Thursday, January 30, 2020

The Masque - 40 Years Ago - Abandoned Places

Retrospective: In Awe of Its Beauty
I was at the Masque just once for half an hour. That's it. That's my history with L.A. punk, when push comes to shove. We were punky, trendy not punks - we were who punks beat up, the new wave (the next wave). We fit in with the Mods; we'd hang at the ON Club, get drunk enough to make an appearance at the Atomic CafĂ© or the Cathay de Grande, but our home was the Lhasa or down Hollywood Blvd. at the Seven Seas across from Grauman's Chinese. We were Orange Juice and Depeche Mode, Haircut 100; the Masque kids were Darby Crash, the Germs or the Circle Jerks. We may have even been friends - we'd end up at Danny's Oki Dog or Canter's Deli at 3am (a demilitarized zone) and share a hot pastrami with Zander Schloss (long as we paid - no one ever paid), but we didn't last long on their turf.


I went to high school with Belinda Carlisle out in Ventura County, as suburban as suburban gets. The Newbury Black and Gold. Belinda was a 10th grade cheerleader. By the time she was 19, she wouldn't talk to me anymore; I represented something to her. I was new wave and younger, and she was punk, yet we'd run into each other at the Aardvark or Flip (vintage clothing stores on Melrose), and when no one was looking she'd say, "Remember when..." I had a real respect for her.


I couldn't be a punk. It took a rugged spunk I didn't possess. Indeed, my claustrophobia started at the Masque, just going down those steps - a dank stairwell that led down to a graffitied concrete basement with no way out. It smelled like sweat and piss. I don't know how she did it; she was this sweet thing. Twenty minutes on I got socked in the face when some nasty-ass skinhead started messing with Kenya. She turned around, looked at me and said, "You gonna let him talk to me like that?" Well, frankly, I was, but I can't now. can I? Ended up a war wound; I milked it; got lots of sympathy from the little new wave girls at the Seven Seas.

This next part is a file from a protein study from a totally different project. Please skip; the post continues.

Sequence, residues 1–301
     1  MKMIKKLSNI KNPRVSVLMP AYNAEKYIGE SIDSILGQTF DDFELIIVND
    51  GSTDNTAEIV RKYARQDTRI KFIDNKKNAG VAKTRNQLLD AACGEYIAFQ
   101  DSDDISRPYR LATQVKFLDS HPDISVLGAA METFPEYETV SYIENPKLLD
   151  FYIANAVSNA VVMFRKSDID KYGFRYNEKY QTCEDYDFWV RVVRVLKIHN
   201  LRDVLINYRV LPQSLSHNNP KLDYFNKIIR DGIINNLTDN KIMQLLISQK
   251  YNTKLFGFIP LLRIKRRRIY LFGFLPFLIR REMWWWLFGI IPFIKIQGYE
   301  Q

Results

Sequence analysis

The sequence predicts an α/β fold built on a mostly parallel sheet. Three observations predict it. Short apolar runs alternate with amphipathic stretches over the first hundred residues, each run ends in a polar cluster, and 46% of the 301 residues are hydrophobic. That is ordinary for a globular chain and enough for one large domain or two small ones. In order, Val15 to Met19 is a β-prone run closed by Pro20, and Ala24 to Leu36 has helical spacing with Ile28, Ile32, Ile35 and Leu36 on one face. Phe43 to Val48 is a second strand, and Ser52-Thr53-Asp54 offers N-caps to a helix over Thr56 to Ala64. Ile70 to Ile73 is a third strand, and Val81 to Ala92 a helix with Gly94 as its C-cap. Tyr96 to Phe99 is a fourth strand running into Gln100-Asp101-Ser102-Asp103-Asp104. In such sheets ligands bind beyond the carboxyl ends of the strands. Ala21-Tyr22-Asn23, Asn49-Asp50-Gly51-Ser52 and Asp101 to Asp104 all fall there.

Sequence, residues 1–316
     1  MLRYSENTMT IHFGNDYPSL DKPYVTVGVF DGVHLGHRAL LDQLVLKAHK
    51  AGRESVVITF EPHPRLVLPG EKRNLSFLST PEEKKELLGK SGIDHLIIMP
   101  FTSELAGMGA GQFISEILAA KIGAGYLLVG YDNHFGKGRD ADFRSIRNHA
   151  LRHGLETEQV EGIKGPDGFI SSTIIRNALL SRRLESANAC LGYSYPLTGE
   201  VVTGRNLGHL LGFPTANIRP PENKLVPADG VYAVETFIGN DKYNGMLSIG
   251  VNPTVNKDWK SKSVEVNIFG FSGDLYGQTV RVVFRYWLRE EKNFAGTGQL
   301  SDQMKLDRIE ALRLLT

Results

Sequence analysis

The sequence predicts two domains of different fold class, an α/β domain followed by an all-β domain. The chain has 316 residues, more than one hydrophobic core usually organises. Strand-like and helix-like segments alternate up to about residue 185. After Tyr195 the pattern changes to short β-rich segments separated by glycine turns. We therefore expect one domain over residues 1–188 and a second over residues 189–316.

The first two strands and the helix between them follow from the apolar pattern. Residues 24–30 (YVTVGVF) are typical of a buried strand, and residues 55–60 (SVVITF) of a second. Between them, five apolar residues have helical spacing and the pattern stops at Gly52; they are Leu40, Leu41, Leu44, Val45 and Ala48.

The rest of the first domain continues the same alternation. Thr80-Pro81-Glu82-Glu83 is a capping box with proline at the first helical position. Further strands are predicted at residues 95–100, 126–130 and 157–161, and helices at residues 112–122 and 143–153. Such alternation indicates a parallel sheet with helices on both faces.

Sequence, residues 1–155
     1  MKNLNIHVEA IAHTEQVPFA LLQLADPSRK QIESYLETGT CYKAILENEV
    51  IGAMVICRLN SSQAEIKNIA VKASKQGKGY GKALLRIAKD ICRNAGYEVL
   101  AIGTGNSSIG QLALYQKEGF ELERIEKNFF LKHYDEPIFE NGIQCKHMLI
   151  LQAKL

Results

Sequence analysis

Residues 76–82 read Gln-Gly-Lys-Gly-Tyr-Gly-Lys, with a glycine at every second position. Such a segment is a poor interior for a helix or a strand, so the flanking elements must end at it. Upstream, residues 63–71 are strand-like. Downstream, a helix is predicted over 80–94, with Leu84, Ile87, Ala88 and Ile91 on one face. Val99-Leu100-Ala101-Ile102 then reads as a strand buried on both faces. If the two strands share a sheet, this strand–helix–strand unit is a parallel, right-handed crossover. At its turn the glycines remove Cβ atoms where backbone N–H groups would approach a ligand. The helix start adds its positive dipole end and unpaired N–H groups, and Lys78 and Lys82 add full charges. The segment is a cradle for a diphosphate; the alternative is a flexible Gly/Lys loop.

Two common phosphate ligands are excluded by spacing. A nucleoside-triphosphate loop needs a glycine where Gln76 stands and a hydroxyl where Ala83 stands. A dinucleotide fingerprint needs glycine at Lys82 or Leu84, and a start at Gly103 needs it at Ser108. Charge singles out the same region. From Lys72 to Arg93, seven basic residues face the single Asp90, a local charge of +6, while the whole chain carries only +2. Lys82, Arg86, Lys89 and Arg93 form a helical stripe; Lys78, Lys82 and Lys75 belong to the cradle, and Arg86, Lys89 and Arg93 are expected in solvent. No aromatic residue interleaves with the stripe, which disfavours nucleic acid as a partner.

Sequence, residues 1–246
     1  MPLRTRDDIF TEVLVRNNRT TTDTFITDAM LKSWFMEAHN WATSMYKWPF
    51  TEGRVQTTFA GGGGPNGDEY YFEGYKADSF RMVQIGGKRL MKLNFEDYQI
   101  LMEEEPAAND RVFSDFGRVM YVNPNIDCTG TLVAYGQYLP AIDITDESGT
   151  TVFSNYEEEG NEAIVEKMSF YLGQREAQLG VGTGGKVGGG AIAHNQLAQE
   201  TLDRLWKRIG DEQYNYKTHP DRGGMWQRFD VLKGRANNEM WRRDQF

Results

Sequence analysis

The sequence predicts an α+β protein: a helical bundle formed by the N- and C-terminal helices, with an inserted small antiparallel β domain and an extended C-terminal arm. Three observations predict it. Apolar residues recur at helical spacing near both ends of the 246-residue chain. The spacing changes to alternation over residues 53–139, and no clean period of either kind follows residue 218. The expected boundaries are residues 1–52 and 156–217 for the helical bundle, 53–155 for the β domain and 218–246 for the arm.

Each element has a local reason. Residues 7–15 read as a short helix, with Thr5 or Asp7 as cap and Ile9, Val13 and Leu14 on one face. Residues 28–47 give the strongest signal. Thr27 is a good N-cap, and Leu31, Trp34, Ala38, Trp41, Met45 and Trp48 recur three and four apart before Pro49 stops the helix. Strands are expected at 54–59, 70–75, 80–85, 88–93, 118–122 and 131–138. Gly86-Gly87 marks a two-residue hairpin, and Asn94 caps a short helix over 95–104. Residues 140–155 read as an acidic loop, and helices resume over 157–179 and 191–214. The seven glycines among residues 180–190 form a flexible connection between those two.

Entryway on Cherokee
The Masque opened August 18, 1977 on the southwest corner of Hollywood Boulevard and Cherokee (1665 N. Cherokee), the Pussycat theater next door. The club was owned and operated by Scottish expat Brendan Mullen.  It was originally intended as a cheap rehearsal spot for Brendan and a place to live. Brendan quickly became the leader, like Fagan, to every kind of street urchin and ragamuffin that walked the streets of Hollywood Boulevard. By 1979 the club was closed. It wasn't my scene; that was yet to come, but it was a scene, a vital one, unforced, unabiding, The Masque just happened. This was pre-crack, pre-AIDS, pre-Reagan, back when things were allowed to just happen. In the way of tribute, the following is a list of the bands who graced the Masque in its short reign and in my absence: The Suburban Lawns, Black Randy and the Metrosquad, The Germs, Geza X, The Bags, The Screamers, The Weirdos, F-Word, The Motels and, of course, The Go-go's.

Unlike bands like the Pistols, The Ramones, Siouxsie and The Clash, L.A. punk never had the same notoriety as those iterations in London or New York, but it was no less influential. There are few photos of The L.A. punk scene at the Masque, yet unlike The Mudd Club or CBGBs, what was the Masque remains pretty much intact. I remember the rank odor, the sticky floors and the punch in the eye, but I look at these photos, and there is a beauty there, a beauty that eluded me in '79; it's too bad. Sometimes you just have to wake up and smell the vomit.

A documentary film on the Masque is available here. For their video "Perfect," Smashing Pumpkins revisited the Masque, bringing it alive one last time. (Click the image below to see the vid.)


The Only Way Out is Through